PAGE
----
Now that President Obama's push for congressional authorization for bombing Syria has been placed on the back burner, House Republicans are beginning to unite around a plan that would delay Obamacare for a year in exchange for raising the debt limit and undoing the sequester.
First, a false start
On Tuesday, Majority Leader Eric Cantor, R-Va., unveiled the first building block of the Republican fiscal fight strategy — a bill that would fund the federal government through December, but also force the Senate to take two votes on the legislation before it became law.
The first vote would be on defunding Obamacare, while providing full funding for the rest of the government. The second would fund everything, including Obamacare. For complicated — critics say gimmicky — parliamentary procedural reasons, the Senate to get to the second, it would have to vote on the first.
House Leadership wanted to vote on that bill Thursday, but the vote was delayed due to lack of support. "Obviously we don't have 218 [votes] or we wouldn't have pulled it," Rep. Tom Cole, R-Okla., told The Hill. Just 17 Republican defections would sink the bill in the House, since no Democrat is expected to back the GOP plan.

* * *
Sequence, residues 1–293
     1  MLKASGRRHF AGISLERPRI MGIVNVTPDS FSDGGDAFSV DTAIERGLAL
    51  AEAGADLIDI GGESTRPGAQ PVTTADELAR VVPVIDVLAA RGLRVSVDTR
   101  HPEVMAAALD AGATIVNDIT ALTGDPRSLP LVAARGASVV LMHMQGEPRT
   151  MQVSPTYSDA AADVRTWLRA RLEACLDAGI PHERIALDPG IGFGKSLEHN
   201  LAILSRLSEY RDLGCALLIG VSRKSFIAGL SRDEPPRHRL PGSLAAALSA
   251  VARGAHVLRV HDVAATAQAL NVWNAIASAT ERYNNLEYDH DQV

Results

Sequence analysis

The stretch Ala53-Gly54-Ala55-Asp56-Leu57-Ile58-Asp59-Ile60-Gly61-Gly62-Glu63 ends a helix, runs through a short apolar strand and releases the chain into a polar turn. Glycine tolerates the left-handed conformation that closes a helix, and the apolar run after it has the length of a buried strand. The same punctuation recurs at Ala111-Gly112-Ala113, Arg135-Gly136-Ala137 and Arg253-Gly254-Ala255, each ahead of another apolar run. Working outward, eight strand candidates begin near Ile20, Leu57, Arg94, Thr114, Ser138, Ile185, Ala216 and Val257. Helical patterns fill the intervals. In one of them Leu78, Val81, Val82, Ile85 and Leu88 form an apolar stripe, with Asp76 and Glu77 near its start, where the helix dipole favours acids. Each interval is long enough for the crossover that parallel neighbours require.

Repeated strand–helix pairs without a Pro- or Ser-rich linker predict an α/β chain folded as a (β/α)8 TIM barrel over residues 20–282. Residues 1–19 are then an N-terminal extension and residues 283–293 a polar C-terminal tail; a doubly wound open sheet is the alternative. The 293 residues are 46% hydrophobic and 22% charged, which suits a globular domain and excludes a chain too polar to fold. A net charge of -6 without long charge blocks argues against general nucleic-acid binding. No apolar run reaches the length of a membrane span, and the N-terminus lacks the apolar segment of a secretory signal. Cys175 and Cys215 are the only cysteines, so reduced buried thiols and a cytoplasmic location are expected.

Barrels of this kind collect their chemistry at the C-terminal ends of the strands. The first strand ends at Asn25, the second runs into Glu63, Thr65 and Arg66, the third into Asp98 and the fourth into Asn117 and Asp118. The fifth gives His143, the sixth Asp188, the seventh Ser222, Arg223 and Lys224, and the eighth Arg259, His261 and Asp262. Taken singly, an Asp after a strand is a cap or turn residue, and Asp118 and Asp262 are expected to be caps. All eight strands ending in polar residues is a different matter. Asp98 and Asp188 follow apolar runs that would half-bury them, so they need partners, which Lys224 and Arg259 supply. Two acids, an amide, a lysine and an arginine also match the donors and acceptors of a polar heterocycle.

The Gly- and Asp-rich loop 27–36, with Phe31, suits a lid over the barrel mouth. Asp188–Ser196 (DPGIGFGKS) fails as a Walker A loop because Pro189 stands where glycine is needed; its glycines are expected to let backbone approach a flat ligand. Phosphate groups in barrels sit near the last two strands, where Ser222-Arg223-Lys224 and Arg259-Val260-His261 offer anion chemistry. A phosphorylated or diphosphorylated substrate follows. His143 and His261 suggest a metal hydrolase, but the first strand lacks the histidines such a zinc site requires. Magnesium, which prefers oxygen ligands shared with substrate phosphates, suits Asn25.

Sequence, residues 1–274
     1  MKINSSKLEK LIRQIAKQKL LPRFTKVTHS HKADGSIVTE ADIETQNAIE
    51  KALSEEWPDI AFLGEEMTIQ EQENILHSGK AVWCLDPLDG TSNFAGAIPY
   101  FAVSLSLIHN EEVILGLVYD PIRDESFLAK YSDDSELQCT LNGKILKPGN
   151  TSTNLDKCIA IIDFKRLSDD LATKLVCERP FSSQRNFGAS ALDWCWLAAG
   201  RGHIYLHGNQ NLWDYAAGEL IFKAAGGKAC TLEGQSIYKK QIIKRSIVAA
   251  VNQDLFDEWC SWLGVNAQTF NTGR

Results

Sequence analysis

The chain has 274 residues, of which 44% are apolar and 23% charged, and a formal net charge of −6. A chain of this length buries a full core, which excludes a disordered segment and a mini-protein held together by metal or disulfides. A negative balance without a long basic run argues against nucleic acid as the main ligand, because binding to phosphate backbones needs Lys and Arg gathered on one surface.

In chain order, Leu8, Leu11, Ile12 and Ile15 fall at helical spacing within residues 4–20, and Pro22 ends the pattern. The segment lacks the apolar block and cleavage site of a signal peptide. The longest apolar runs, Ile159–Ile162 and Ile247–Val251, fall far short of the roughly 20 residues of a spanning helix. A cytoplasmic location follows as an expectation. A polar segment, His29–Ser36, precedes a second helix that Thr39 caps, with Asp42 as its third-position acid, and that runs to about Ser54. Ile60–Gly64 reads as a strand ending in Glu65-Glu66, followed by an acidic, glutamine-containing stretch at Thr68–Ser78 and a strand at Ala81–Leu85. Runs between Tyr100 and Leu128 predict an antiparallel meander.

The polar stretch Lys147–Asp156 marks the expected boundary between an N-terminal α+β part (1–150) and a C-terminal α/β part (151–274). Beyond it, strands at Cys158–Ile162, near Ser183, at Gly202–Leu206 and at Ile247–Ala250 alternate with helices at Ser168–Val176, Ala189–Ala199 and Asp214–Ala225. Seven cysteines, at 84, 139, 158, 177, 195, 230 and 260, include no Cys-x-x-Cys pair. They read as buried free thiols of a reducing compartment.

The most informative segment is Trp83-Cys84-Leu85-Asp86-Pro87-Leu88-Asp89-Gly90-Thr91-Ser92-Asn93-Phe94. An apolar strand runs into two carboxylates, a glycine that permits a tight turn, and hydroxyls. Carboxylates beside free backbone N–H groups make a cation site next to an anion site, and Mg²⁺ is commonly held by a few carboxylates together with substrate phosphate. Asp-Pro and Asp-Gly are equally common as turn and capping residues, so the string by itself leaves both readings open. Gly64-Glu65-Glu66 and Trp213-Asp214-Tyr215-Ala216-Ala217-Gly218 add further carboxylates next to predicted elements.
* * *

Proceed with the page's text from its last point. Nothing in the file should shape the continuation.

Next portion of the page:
Sticking with the game plan
House leaders are still confident Cantor's plan is the right strategy, and that momentum is on their side. “Getting anything this big accomplished in 72 hours is always tough and we just need a couple extra days to dot the i's and cross the t's,” a House GOP leadership aide told National Review.
"We just have to walk them through and instead of overly rush, let's do it next week," Republican Whip Kevin McCarthy, R-Calif., told the Associated Press.
An early whip count showed that just over 200 Republicans currently support Cantor's plan, meaning they need about 15 more votes to get across the finish line.
The debt limit wrinkle
Ultimately, what conservatives skeptical of Cantor's plan really want, is a convincing game-plan for delaying Obamacare for at least another year, if not defunding it. And House Budget Committee Paul Ryan, R-Wis., pitched exactly such a plan to a closed-door Republican Study Committee meeting Wednesday.
The Washington Examiner's David M. Drucker reports that, under the Ryan plan, Republicans would agree to raise the debt limit for a year, and undo the scheduled automatic sequestration cuts, but in return, Obama would have to agree to a one-year delay of Obamacare.
“My take is, a consensus is all beginning to build,” Rep. John Fleming, R-La., said Wednesday as he exited the RSC meeting.
With new CNN polling showing that Obamacare is now more unpopular than ever, but that Republicans would be blamed for a government shutdown, a merger of the Cantor and Ryan plans makes a lot of sense.
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